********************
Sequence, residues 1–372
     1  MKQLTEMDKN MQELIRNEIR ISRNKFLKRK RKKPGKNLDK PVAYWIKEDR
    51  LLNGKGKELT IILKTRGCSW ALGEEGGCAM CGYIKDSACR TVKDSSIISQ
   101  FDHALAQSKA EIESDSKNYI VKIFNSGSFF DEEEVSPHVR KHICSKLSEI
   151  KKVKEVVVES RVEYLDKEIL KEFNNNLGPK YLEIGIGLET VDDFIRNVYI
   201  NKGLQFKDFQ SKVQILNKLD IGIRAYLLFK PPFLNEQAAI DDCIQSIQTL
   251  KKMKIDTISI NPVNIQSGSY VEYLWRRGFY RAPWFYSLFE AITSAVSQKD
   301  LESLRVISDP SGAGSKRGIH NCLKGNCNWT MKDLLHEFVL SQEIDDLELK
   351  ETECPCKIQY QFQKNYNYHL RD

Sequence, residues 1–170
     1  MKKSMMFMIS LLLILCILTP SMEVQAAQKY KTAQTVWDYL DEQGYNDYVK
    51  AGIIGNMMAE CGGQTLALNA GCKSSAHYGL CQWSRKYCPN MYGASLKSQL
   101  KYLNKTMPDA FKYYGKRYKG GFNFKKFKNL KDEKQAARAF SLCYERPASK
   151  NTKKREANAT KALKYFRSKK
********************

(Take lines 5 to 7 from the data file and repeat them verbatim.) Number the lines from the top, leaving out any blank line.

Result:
   151  KKVKEVVVES RVEYLDKEIL KEFNNNLGPK YLEIGIGLET VDDFIRNVYI
   201  NKGLQFKDFQ SKVQILNKLD IGIRAYLLFK PPFLNEQAAI DDCIQSIQTL
   251  KKMKIDTISI NPVNIQSGSY VEYLWRRGFY RAPWFYSLFE AITSAVSQKD